Formed in 1979, Venom hailed from Newcastle, rapidly becoming a force to be reckoned with as the New Wave Of British Heavy Metal reached its peak. Hugely influential, the band’s 1981 debut, ‘welcome to hell’, may have sounded like it was recorded in a kettle, but it still managed to have a monumental impact upon the nascent thrash scene, whilst Mayhem even garnered their name from ‘Mayhem with Mercy’, a short instrumental track that graced the album’s first side. The band’s second album, 1982’s ‘Black metal’, set the bar even higher and in spite of (or, perhaps, because of), the hideous quality of the recording (which no amount of remastering can greatly repair), the album came to provide the name for a whole genre of music. Of the line-up that recorded those hugely influential works, only Cronos remains in Venom, working alongside a revolving cast of musicians but parted, sadly, from the likes of Abaddon and Mantas who were so responsible for giving those early albums their aura of dread.
Enter Venom inc. Formed in 2014 by Jeffrey “Mantas” Dunn (whose on-again-off-again relationship with the band saw him featured on both of the classic releases, amongst others) and Tony “Demolition Man” Dolan (who was a part of the band’s line-up between 1989-1992), the band were given greater impetus when Anthony “Abaddon” Bray, also from the classic 1979 line up of the band, joined on drums. The band toured heavily, breathing new life into Venom’s classic material, and then, in 2017, they signed to Nuclear Blast for the release of ‘Ave’, their first release under the Venom Inc. banner and a crucial opportunity to reclaim their legacy.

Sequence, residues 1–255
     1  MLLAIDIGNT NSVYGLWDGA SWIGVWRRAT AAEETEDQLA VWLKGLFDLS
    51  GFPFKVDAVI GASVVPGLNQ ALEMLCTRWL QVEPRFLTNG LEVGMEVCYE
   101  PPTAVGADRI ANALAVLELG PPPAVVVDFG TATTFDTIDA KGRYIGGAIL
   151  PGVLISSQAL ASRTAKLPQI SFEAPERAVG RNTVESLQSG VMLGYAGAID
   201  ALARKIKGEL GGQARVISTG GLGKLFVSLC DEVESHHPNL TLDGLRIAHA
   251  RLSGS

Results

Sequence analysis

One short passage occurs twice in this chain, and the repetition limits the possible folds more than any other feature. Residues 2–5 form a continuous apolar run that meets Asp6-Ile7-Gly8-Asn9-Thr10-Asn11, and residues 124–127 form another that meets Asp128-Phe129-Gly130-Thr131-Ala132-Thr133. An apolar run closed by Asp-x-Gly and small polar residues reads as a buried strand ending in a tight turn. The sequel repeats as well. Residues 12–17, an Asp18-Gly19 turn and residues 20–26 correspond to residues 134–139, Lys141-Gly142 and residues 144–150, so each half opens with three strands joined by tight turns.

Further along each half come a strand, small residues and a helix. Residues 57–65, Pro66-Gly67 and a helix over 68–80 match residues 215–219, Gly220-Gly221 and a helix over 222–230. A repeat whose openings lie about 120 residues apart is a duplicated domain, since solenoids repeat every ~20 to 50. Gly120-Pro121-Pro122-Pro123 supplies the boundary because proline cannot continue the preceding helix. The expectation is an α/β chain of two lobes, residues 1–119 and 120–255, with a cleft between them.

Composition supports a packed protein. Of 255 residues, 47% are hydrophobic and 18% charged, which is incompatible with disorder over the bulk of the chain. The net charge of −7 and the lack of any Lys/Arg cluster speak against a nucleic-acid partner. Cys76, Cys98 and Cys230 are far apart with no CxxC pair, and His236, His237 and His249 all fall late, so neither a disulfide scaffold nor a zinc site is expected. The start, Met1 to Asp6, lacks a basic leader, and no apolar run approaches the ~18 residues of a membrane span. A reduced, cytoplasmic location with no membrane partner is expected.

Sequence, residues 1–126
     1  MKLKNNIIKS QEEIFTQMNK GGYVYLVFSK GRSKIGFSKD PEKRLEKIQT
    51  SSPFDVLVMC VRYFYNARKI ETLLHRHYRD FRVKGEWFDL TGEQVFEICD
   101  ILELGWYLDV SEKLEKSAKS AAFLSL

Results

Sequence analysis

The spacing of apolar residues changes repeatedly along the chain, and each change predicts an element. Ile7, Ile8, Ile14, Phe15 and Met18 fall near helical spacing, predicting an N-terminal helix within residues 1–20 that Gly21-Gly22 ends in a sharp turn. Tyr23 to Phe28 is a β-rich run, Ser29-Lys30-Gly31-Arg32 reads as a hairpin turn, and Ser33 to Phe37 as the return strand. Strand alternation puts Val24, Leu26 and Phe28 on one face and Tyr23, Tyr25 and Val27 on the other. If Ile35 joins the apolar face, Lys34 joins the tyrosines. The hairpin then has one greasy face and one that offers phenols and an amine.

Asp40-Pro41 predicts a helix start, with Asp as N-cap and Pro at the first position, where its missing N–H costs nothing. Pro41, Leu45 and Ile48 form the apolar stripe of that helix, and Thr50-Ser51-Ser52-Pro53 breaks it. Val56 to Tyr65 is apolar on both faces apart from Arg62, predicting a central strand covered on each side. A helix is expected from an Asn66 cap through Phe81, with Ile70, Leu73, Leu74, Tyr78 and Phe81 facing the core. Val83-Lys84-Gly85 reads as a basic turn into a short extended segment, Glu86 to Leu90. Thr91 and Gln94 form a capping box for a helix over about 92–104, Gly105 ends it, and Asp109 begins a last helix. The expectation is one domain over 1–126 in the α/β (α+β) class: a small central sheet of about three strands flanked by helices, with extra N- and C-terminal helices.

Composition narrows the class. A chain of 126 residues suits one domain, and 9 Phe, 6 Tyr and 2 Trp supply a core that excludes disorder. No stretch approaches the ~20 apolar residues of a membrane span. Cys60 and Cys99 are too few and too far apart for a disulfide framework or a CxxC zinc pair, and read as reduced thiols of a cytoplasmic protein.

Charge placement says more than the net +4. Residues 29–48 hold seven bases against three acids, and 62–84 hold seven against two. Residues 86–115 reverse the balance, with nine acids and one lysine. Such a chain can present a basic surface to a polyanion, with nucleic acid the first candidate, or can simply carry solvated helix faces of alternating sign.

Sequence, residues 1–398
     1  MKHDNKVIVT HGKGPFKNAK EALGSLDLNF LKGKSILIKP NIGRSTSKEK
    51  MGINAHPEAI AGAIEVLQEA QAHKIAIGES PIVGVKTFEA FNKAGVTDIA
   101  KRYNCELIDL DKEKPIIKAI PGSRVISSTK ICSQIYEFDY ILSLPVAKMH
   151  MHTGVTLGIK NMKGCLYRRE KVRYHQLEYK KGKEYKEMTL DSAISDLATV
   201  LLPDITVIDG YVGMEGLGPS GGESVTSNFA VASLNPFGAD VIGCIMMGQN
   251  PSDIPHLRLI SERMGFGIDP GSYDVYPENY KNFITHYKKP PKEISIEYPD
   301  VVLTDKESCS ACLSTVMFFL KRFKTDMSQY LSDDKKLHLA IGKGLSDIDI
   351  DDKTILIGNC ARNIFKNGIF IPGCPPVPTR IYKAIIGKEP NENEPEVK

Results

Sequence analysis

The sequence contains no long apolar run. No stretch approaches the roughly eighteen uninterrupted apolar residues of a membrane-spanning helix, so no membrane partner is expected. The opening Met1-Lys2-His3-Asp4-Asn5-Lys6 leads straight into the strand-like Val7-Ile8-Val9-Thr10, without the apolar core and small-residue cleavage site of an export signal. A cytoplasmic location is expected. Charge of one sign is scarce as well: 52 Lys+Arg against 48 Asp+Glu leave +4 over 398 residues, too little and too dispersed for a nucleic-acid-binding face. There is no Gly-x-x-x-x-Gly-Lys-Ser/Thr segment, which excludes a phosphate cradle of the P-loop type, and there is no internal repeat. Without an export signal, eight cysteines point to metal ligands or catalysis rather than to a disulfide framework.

Recorded, mixed and mastered by Mantas, ‘Ave’ is clearly a project borne out of his dark passion and the eleven tracks on offer here highlight exactly what these three musicians brought to the Venom story during their respective tenures. Opening with the dark ‘Ave Satanas’, a track which inverts Schubert’s ‘Ave Maria’, washing it in sinister, horror-movie keyboards and huge swathes of guitar, it’s clear that Mantas has a clear idea of how he wants the band to sound, giving the music a taut, industrial tint that tips to a nod to Ministry whilst maintaining the band’s core metal sound. The Demolition Man proves to be a worthy vocalist, his gnarled and broken tones recalling the crust punk might of Rob ‘The Baron’ Miller (Amebix), as he grinds out the lyrics from between gritted teeth. For all the devilish imprecations, there’s a sense of life here, however hellbound, that suggests the three musicians were having a blast in the studio, and there’s no mistaking the energy and power of their performance. Having hit the ground running with the epic-length opening track, Venom inc. consolidate with the ferocious ‘Forged in hell’, a meaty riff fest that sees Abaddon offer up an adrenalin-soaked performance on the drums over which Mantas pours his sulphur-scented guitar runs. It’s a surprisingly vital performance the band having honed their skills to a razor’s edge out on the road in the preceding years. Next up, we get the monstrous ‘metal we bleed’, a claim to which Venom Inc. are more entitled than most, and which is hammered home with a cyclical riff that threatens to tear your head clean off your shoulders when played at suitably life-threatening volumes. A true heavy metal anthem, it sees Venom reclaiming the crown from those whom they have influenced over the years by ramping up the aggression and incorporating a vital groove. Opening to the sound of unimaginable suffering, ‘Dein Fleisch’ sees the industrial element that underpinned the opening track return, with the band mixing Vincent Price, nine inch nails and Kreator into one discomforting package, complete with heroic soloing and the ever-present sense that appalling acts are taking place just beyond the reach of our consciousness. The first half of the record concludes with ‘blood stained’, a blistering effort that simply blows the competition out of the water with its eye-watering riffs, coruscating vocals and epic solos – it pretty much ticks all the boxes when it comes to what I want from a heavy metal album, amazingly, Venom Inc. aren’t out of surprises yet…